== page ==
Electric car maker Think chooses Indiana
By Erik Siemers
Norwegian electric car-maker Think on Tuesday said it has chosen Elkhart County, Ind., as the home of its new manufacturing plant.
The news ends nearly nine-months of speculation as to whether Think would build its all-electric Think City vehicles in Oregon, which was one of three finalists for the plant.
Oslo-based Think said it will invest $43.5 million in building improvements and equipment in Elkhart County, where it could begin assembling vehicles in early 2011. The investments will support a manufacturing capacity of more than 20,000 vehicles per year.
It will be the company’s second production location. European production is underway in Finland through manufacturing partner Valmet Automotive.
CEO Richard Canny visited Portland in April when he toured the Daimler Trucks North America plant on Swan Island. The plant was scheduled to be vacated this year until Daimler reversed course in September.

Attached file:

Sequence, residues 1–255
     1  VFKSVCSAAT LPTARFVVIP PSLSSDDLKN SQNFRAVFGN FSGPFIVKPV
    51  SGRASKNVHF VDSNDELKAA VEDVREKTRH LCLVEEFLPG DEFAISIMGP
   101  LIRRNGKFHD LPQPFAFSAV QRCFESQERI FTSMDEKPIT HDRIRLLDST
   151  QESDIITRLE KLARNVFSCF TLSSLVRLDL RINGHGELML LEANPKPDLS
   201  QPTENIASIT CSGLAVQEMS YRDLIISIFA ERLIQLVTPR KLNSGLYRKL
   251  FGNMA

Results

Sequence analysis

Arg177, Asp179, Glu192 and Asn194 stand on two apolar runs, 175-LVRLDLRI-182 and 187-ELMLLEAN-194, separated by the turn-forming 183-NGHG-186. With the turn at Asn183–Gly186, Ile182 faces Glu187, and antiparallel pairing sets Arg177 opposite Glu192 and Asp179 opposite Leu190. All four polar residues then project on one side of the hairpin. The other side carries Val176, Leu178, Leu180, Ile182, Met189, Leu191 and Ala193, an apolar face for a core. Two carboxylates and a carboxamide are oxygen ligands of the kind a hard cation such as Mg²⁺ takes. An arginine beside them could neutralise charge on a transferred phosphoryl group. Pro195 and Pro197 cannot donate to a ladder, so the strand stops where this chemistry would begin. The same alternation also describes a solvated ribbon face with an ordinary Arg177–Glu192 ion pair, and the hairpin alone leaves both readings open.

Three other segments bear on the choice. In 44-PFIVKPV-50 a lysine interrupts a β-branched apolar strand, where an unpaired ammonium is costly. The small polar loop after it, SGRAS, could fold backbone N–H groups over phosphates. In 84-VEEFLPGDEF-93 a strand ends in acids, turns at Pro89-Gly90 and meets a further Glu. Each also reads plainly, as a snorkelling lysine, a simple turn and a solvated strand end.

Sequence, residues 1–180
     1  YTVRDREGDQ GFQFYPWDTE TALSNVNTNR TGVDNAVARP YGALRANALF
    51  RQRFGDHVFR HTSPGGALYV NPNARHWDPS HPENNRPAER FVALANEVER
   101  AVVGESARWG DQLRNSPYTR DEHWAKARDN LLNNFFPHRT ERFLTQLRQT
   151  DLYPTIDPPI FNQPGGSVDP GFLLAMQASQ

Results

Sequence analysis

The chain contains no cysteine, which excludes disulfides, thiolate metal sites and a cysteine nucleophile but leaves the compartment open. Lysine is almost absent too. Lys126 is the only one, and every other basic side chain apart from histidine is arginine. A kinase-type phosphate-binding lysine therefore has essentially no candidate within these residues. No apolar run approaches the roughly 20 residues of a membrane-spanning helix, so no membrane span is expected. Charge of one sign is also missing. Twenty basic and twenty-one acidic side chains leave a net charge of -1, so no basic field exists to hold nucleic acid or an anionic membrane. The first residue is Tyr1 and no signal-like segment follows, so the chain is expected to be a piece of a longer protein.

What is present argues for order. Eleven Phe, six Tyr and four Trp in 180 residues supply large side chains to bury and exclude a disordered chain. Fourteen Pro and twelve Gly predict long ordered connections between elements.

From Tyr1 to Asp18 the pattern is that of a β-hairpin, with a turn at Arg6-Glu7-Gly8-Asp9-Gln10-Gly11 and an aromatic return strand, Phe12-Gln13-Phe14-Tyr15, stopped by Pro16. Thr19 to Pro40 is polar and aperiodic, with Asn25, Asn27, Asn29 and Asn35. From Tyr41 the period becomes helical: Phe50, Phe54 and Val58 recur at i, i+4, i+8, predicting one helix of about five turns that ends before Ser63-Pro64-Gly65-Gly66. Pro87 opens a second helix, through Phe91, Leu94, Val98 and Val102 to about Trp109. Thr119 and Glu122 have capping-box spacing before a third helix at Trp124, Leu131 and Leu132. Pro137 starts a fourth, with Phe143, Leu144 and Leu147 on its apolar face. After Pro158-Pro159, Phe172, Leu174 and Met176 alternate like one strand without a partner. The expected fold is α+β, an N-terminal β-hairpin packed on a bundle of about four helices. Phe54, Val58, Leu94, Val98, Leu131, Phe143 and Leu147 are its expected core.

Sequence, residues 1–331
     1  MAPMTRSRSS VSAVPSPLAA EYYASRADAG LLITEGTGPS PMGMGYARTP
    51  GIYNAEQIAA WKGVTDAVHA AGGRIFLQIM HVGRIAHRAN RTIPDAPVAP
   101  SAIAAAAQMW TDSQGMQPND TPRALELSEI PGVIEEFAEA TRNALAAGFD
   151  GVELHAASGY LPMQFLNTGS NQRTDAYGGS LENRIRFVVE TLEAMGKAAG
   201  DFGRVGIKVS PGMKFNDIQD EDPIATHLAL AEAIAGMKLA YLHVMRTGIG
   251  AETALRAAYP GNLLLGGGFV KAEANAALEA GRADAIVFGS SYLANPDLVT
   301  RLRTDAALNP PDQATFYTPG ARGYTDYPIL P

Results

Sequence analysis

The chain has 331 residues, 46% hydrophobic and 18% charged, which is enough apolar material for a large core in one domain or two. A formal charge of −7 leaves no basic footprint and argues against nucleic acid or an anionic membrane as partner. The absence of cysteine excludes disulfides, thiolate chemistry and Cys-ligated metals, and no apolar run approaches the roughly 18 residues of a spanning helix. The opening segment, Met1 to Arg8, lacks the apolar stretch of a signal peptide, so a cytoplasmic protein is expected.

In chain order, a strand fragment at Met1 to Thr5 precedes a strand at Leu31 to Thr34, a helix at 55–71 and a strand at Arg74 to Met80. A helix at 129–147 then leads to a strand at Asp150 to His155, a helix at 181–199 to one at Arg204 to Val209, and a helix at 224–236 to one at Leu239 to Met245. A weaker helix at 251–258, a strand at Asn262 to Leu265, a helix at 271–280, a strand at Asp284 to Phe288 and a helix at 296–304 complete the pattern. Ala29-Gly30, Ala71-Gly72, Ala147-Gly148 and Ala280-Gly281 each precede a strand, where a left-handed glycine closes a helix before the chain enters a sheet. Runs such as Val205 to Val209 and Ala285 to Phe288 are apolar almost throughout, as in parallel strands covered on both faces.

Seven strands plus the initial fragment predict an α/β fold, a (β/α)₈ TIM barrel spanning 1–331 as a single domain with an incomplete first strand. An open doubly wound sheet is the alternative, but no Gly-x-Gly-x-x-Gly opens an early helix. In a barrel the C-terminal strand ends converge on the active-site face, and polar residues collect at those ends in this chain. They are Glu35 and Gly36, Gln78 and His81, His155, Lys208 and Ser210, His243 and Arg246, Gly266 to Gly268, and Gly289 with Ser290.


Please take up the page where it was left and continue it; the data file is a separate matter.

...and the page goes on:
By November, Oregon had joined Indiana and Michigan as finalists for the plant.
“We looked at a number of states out West and in the East, but at the end of the day it was Indiana that had a vision around electric transport and the desire to build an industrial base of key manufacturers,” Canny told the New York Times Tuesday.
The decision to choose Indiana may have a lot to do with its new Indiana neighbors.
EnerDel, an Indianapolis-based maker of lithium-ion batteries, has also chosen Indiana for a North American manufacturing plant. Its parent company, Ener1, holds a 31 percent ownership stake in Think.
The Elkhart County Council late last month gave initial approval to a 10-year property tax abatement for Think that is designed to lure the company to a vacant manufacturing plant near the town of Middlebury, Ind., according to the Associated Press.
Think said that in addition to incentives from Elkhart County and the state of Indiana, it will use funding from the U.S. Department of Energy’s Advanced Technology Vehicles Manufacturing loan program to establish the new plant.
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